Halloween is almost upon us. Christians have many varied reactions to this event. Some are appalled that a pagan ritual has been made mainstream and is now the second biggest money-making holiday in America. Others want to “Christianize” the season by focusing on the Christian roots of “All Saints’ Day” on November 1st. Many don’t want to celebrate the scary parts of the holiday, but instead reinvent it as a harvest celebration. Most do agree that to the majority of Americans, the day is not seen as a celebration of evil, but a harmless excuse to get candy from the neighbors. And to get scared. Americans love to get scared. Just check your TV listings and see how many horror movies are being shown this time of year.
The purpose of this article is not to argue in favor of any of the above positions, but rather to get us to think about fear. But the fear I want us to meditate on is not the fear of ghosts and goblins, but “the fear of the Lord.” This fear, the Scriptures teach, is the beginning of wisdom (Psalm 111:10), and the beginning of knowledge (Proverbs 1:7). Most of us like the idea of growing in wisdom and knowledge – we pay thousands of dollars to colleges and universities to help us in that quest.
In English, “fear” is the opposite of trust, and its synonyms are “fright” and “dread.” The Old Testament Hebrew word for fear is “yirah,” and is sometimes seen as being negative (like fright and dread), or positive (respect, reverence and worship). It has a very broad range of meaning.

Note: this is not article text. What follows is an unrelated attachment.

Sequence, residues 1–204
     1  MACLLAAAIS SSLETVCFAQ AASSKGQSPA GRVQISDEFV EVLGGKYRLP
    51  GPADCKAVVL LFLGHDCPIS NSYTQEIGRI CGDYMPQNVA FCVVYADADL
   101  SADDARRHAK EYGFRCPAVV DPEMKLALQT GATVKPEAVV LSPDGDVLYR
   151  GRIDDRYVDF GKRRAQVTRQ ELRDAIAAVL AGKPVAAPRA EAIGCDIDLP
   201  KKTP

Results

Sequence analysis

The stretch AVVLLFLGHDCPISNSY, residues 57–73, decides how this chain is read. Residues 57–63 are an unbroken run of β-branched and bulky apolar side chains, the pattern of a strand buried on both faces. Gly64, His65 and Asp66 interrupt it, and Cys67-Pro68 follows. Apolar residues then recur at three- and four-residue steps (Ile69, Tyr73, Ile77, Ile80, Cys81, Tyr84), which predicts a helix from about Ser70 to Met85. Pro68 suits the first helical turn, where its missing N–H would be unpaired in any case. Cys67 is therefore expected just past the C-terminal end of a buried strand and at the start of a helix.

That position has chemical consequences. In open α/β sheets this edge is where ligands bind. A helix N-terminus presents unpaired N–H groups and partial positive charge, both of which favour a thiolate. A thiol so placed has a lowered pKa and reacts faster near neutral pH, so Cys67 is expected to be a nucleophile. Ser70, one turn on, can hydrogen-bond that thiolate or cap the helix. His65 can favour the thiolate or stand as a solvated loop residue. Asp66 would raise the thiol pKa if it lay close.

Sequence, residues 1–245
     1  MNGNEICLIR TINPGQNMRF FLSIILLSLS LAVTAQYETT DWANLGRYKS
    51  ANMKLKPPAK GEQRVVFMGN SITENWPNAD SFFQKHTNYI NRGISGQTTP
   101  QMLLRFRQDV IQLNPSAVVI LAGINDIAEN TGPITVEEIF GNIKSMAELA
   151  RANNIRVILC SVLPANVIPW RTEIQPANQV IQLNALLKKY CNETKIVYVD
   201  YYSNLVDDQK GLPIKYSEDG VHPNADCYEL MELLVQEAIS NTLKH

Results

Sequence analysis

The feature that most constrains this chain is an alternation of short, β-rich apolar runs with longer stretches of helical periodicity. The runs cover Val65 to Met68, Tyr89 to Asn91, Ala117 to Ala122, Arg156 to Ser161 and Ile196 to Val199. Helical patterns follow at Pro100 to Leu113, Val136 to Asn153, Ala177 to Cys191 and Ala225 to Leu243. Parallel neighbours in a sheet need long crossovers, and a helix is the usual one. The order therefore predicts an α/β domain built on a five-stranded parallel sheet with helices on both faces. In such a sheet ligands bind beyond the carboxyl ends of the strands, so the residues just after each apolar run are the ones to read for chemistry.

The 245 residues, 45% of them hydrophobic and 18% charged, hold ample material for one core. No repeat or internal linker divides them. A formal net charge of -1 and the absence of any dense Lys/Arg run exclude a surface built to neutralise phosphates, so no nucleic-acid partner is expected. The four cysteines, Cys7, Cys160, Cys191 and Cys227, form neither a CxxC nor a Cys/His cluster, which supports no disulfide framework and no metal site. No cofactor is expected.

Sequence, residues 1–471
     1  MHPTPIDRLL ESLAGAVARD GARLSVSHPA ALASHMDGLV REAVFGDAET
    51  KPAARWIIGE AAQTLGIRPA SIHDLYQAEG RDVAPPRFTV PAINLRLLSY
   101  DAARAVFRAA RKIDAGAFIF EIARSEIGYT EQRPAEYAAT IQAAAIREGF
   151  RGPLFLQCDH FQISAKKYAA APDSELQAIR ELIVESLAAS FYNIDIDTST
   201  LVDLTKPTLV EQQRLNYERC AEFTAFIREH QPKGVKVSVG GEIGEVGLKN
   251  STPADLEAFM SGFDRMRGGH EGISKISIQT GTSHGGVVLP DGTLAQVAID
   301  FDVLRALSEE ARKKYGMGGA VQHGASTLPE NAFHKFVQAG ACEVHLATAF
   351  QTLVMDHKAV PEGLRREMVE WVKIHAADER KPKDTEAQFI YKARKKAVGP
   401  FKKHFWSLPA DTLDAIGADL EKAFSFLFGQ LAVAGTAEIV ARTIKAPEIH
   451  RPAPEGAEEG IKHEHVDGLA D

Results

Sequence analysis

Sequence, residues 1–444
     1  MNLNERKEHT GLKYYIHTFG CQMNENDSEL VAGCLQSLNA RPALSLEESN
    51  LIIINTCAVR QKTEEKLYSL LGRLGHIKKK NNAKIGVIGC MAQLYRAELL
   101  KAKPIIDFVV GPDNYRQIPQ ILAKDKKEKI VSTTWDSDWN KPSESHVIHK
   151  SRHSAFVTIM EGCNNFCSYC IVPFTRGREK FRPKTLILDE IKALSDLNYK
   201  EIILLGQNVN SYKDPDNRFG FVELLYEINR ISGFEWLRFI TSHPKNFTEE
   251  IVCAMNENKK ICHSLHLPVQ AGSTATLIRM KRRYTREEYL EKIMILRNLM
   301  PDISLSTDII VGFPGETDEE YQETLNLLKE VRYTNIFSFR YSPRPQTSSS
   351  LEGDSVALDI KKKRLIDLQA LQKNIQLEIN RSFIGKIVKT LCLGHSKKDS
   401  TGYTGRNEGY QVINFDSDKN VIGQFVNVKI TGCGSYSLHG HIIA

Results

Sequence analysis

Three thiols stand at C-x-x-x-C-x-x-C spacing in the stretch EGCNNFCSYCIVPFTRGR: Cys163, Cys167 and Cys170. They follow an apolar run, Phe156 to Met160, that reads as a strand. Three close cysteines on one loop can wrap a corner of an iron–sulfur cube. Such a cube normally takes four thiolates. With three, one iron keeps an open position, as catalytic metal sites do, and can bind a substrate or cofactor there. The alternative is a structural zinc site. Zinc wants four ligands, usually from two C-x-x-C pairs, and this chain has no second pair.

For example, in Leviticus 19:3 God commands us to “fear” our father and mother. Other translations translate it as “respect,” which seems to get at the true meaning. In Genesis 32, Jacob genuinely is terrified at meeting Esau, knowing that earlier that Esau wanted to kill him as Jacob cheated him out of his birthright. How do we know which way to take this word?
In terms of how we view God, yirah can be positive, as in Psalm 66:3, “Shout for joy to God, all the earth! … Say to God, ‘How awesome (yirah) are your deeds!” It can also describe a terror at one day standing before a God who is all-powerful, all-knowing and the One who will judge us all. What makes the difference in how we view God? What makes us cower in terror or bow in reverence before our Almighty God?
The simple answer is relationship. What is your relationship to a God who is so holy His very presence shakes mountains? An example might help. Remember back to when you were a child. Picture yourself leaving school and beginning your walk home. As you turn onto a lonely street, you see a muscular boy, twice your size, approaching you. What is your response? If he is the school wrestling champion and you just stole his lunch money, you might feel some dread and terror. If he is your brother, and has come to walk you home through a scary part of town, you feel peace and security and an awe of his strength. The key is relationship, which is also true concerning God. Meeting the God who is all-powerful, all-knowing and the One who will judge us all will bring terror to the person who is still in their sins and has not been adopted into the family of God. But being with this same God brings great joy to the heart of the person who can call God, “Father.” What is your relationship to Him?